A bit of coaching philosophy.

I admit, it has been a long time, way too long since I wrote a post. I did not retire or even slow down, rather the opposite I might say. In the last two months, all of sudden, a lot of new developments came together and I needed time to process it all. The world of elite sports is a dynamic one, things improve or change at a rapid pace. New developments, be it technical innovations or concepts.

Also as you might have read in my last post, I put new batteries in my stopwatch and started coaching again.

Watching the start of my pupil

The road is long, the hill is steep and there is no guarantee for success, but then, if somebody told you that coaching athletes is easy he/she has been lying to you. It has never been easy and will never be.

I used the holiday period to read a lot and some ideas came up.

It started with reading about art. I always enjoyed the paintings of Monet, the French impressionist who was very fond of the Giverny gardens and pond. Monet was an excellent artist. One of his famous water lily paintings sold for more than € 40 million. And he produced about 250 water lily paintings!

In sports we have these artists and craftsmen too. We call them coaches, not the smartest kids in class, otherwise we would have chosen a different career. But somehow we got into coaching and most of us got stuck here.

Now the connection: recently I read an article about pigment-science. In this science researchers analyze the pigments of e.g. paintings by Monet.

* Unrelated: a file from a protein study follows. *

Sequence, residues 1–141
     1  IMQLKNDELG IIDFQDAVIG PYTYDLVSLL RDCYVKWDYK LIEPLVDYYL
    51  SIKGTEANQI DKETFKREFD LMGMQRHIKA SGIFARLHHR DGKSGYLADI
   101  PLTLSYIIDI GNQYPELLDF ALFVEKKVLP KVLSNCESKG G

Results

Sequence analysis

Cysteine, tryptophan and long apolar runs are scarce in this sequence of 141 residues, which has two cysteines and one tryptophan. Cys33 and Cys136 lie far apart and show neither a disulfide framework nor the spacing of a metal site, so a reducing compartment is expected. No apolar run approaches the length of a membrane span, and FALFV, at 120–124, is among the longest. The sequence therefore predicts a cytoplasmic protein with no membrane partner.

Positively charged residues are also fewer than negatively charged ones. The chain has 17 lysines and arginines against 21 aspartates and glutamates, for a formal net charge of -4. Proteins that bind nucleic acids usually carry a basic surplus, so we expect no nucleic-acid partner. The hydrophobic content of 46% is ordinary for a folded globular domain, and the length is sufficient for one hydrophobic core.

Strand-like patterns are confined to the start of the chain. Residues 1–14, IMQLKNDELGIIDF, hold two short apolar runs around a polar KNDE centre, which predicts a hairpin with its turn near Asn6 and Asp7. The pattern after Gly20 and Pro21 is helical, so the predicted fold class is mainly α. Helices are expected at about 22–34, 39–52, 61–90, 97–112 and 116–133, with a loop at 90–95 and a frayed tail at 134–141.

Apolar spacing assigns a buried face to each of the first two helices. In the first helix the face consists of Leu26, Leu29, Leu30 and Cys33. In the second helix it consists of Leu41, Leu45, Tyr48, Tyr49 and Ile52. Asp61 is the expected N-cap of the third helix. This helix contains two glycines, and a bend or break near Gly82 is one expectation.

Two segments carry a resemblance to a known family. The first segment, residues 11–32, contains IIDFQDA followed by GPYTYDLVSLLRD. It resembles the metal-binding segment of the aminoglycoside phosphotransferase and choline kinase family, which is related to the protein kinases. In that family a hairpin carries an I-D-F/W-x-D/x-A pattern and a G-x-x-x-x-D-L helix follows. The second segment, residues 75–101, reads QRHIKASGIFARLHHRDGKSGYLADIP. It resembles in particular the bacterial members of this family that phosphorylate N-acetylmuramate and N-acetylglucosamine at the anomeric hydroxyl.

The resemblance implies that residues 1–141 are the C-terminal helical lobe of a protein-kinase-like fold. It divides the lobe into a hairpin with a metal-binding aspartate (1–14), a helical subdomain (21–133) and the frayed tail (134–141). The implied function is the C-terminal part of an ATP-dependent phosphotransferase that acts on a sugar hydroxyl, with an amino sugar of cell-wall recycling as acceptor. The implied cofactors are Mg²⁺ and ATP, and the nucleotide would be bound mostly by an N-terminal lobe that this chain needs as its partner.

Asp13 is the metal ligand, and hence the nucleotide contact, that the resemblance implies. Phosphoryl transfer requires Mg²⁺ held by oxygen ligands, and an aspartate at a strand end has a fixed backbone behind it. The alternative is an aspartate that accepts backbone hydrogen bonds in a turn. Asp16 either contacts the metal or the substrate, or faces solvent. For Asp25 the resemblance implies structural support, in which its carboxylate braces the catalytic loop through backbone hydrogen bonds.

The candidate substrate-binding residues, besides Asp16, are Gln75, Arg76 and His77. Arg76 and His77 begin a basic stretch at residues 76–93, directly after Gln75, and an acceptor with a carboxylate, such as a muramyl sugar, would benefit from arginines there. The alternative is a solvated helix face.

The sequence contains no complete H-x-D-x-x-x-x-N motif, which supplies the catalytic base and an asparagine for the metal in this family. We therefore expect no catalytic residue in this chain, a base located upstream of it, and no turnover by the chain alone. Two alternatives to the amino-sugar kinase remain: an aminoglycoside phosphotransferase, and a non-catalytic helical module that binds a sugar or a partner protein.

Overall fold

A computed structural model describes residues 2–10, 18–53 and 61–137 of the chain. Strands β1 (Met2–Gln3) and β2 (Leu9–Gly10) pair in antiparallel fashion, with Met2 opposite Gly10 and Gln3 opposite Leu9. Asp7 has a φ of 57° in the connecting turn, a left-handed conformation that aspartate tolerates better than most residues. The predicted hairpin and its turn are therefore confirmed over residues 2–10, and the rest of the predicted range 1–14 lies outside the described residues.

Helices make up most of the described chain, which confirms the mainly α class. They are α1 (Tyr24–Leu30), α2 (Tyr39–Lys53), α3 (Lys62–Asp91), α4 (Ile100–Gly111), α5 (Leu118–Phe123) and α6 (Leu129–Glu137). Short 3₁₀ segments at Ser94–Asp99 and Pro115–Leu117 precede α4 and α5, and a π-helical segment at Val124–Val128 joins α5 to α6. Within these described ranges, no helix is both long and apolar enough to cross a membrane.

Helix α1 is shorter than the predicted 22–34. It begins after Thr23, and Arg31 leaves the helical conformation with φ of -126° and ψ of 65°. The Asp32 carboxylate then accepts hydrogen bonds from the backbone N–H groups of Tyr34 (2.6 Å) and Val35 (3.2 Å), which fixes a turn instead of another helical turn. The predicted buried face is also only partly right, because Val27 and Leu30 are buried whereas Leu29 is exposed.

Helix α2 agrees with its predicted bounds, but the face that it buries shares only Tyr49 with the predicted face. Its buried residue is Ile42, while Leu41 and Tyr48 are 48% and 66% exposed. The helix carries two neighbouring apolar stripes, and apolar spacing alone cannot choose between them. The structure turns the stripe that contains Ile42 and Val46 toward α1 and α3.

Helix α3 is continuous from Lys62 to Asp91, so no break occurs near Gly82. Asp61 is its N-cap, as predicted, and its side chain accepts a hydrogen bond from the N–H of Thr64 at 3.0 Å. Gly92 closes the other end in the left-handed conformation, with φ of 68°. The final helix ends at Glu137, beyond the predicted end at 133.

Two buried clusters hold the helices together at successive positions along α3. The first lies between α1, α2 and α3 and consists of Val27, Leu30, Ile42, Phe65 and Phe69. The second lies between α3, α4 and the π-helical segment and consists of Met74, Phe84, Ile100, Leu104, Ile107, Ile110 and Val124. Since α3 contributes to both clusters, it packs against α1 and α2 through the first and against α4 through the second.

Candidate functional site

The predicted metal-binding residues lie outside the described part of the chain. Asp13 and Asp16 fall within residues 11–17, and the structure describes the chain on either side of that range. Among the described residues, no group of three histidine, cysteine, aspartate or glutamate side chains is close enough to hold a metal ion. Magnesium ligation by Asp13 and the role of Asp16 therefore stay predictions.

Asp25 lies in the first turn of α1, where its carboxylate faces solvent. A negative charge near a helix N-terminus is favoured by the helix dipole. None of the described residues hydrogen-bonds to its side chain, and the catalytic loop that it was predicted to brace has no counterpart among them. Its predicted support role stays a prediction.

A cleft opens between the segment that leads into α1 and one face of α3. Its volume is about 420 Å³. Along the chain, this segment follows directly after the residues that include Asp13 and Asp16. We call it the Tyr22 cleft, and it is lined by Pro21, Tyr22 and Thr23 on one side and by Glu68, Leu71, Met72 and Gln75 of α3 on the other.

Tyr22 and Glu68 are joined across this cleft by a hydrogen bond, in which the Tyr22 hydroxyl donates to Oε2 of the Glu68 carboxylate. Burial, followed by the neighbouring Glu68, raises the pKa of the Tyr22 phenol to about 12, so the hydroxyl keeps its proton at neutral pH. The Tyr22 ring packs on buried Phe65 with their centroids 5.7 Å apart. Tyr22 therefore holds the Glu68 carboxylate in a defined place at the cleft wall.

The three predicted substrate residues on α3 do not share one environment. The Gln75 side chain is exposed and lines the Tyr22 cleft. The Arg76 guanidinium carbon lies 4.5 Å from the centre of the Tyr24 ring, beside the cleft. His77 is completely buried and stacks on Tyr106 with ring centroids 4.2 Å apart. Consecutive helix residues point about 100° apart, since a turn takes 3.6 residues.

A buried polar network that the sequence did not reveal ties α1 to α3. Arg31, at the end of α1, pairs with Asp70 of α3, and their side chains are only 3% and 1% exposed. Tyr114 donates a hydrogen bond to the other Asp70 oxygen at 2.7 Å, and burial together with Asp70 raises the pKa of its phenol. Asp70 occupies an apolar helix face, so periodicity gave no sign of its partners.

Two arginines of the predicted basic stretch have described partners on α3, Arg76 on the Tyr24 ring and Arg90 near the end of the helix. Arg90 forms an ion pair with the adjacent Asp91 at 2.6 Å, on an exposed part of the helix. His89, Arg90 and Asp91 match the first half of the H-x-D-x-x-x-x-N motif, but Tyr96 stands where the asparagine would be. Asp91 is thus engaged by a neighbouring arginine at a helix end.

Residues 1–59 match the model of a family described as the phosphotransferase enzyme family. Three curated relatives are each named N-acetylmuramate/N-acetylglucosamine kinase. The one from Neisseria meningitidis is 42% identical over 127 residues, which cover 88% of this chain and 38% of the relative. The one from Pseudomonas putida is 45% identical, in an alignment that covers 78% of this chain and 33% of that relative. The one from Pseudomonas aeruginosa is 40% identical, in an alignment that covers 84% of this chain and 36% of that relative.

And there it was: a parallel with the situation in sport and fitness: too many pigment-scientists, way too few Monet’s, too many laborers, too few artists and craftsmen, too many analyzers, too few creative developers and integrators.

Very few of the younger generation of coaches and sport scientists take the time to generate their 10.000 hours (or more!) to become a master in their field. No, after 3 months they have become specialists, after 6 months they see themselves as experts, after 9 months they call themselves masters and within one year they think they know it all. Of course everybody who wants to build a new house wants to be the architect or the designer, very few people like to carry the bricks and put them on top of each other.

If you want to be successful in the long-term: change you mindset from “specialist” or “expert” to artist. Pigment scientists are replaceable, and easy to forget, Monet was not.

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Transfer of training – A sneak preview of my next book.

Transfer of training is an extremely important issue in the training of athletes.

Let me explain this, because what is training? Training is the planned, goal-oriented process consisting of the repetition of physical exercises with the intention to improve the performance of an athlete. It is what athletes do and what the coaches come up with: yes…… physical exercises. And already the core of the problem presents itself: which exercises does the coach chose in order to improve performance in competition? Which exercises does he chose and which ones does he ignore? We aren’t even at the stage of deciding the amount of reps, sets or rest intervals of a chosen exercise yet.